The Tricky Task of Defining African Art

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“Africa and its artists don’t need love. They don’t need recognition. They don’t need to be discovered by some new Christopher Columbus. They just want to be left to perform their craft,” writes Cameroonian curator Simon Njami in November’s Juxtapoz (articles not available online).

So begins the “African Art Issue.” Clearly, the U.S.-based arts magazine is uncomfortable assuming authority on the subject.

And they avoid doing so at all costs, by recruiting African curators and thinkers to weigh in on the state of African art and allowing the artists to speak for themselves whenever possible.

Many critique the whole premise of the issue, questioning the label “African art.” Multimedia artist Ghada Amer, for instance, resolutely shuns such narrow geographic classifications, arguing that they unfairly limit the reception of an artist’s message. Critics routinely interpret her art as commentary on the role of women in Muslim nations, and she resents the mischaracterization of her work, which she describes as “between cultures and about all the women of the world.” Meanwhile, self-described Afro-futurist Wangechi Mutu worries that the moniker implies an untrained, outsider status, leaving no room in contemporary art circles for artists of African descent. She wants her art, which includes conceptual installation work and mixed-media collages, to be taken seriously so that she and others can be recognized as “players in the making of art history.”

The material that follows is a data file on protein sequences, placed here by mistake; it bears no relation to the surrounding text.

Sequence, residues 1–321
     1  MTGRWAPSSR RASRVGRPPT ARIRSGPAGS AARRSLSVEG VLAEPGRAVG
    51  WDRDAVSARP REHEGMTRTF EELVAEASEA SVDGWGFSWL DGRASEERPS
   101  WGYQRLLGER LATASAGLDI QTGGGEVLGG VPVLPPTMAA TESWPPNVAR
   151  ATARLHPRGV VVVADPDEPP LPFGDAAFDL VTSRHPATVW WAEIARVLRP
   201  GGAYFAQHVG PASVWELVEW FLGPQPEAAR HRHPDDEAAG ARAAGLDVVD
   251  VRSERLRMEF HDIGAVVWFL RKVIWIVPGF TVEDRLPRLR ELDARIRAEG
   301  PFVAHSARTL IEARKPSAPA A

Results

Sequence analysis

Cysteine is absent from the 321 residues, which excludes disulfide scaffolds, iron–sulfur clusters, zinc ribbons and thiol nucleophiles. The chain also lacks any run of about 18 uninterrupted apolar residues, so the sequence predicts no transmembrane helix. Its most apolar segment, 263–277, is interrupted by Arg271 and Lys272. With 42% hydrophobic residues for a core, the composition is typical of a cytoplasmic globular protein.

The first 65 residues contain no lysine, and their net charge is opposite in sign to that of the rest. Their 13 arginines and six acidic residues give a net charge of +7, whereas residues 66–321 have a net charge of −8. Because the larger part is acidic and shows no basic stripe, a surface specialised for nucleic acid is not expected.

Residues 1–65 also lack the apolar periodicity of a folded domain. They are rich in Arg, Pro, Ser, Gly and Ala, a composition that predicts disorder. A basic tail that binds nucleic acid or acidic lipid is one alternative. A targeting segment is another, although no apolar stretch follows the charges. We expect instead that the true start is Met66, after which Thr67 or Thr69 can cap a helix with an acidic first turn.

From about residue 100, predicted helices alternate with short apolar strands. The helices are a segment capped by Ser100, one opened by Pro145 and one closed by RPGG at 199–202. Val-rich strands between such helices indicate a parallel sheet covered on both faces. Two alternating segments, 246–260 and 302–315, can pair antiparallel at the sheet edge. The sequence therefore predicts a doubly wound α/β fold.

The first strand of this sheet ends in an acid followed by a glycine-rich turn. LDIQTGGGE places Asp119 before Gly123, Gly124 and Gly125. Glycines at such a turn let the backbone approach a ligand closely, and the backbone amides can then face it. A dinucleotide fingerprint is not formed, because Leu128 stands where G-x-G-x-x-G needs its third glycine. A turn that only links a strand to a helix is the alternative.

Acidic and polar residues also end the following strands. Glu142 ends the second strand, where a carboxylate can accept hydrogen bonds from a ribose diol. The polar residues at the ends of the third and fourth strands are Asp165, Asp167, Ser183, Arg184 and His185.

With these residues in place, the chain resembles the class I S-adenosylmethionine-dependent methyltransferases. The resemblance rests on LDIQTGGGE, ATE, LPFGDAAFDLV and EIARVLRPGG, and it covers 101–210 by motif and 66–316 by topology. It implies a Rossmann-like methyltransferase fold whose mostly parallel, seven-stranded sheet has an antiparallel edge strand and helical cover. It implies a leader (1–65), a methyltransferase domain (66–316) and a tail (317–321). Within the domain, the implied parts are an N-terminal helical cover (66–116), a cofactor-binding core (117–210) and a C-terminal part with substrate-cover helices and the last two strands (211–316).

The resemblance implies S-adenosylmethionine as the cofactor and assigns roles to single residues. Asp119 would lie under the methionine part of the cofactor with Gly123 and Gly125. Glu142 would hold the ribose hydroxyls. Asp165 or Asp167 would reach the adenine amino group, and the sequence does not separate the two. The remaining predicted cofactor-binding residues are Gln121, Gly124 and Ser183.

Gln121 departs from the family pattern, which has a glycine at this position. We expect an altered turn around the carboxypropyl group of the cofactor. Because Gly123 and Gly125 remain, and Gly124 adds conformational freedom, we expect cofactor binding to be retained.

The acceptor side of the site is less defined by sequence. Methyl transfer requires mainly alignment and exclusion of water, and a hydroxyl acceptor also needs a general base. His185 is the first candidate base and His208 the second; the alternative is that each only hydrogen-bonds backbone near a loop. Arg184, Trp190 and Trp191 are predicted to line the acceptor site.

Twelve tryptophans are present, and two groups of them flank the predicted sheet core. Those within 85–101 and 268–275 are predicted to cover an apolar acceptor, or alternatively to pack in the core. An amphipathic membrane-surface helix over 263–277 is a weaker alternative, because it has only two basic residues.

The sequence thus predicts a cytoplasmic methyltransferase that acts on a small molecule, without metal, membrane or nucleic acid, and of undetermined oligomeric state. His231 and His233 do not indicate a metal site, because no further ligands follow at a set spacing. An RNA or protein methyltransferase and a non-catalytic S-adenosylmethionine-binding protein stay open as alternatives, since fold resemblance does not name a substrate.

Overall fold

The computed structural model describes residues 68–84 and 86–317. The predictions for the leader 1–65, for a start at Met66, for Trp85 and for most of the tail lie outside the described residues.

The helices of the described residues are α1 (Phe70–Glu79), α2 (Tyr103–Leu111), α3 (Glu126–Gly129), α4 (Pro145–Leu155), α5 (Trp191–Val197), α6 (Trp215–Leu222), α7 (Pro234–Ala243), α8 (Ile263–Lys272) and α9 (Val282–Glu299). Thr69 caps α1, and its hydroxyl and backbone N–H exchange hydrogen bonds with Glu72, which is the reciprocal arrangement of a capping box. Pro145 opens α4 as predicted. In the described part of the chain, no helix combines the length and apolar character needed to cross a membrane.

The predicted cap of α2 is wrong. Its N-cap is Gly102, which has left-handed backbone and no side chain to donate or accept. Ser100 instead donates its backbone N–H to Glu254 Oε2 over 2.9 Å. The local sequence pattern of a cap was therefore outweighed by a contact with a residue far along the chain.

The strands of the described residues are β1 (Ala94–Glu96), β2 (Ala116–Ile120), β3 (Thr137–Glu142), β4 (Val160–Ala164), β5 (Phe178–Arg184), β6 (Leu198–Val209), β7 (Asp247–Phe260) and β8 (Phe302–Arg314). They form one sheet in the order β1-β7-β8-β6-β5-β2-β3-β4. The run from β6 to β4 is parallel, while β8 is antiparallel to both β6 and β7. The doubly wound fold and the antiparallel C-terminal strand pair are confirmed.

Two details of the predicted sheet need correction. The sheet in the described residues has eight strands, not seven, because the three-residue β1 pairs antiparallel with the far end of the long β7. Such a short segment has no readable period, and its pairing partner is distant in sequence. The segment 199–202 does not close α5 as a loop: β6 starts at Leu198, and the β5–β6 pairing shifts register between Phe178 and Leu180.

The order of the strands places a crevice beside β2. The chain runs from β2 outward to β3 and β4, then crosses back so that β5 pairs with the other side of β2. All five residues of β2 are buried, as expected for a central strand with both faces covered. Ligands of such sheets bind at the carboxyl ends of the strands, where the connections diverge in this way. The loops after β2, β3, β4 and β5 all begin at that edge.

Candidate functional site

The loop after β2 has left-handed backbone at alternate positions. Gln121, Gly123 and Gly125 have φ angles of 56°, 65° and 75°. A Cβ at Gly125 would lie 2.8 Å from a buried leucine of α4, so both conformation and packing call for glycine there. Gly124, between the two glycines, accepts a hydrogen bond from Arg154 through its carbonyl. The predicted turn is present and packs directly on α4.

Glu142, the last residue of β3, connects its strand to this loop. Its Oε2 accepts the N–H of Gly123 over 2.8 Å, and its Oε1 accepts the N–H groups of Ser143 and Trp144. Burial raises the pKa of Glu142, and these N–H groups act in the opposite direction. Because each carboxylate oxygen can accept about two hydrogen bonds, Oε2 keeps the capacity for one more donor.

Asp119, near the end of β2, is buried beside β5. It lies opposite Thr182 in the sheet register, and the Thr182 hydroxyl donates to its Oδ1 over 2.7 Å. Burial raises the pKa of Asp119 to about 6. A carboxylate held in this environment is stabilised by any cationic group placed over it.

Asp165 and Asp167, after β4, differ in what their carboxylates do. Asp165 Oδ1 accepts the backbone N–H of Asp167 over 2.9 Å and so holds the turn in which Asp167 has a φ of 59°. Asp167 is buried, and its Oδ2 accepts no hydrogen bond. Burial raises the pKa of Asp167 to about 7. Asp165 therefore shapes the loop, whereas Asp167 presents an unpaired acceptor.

The issue’s end result? No orderly definitions of African art, but that’s probably the point.

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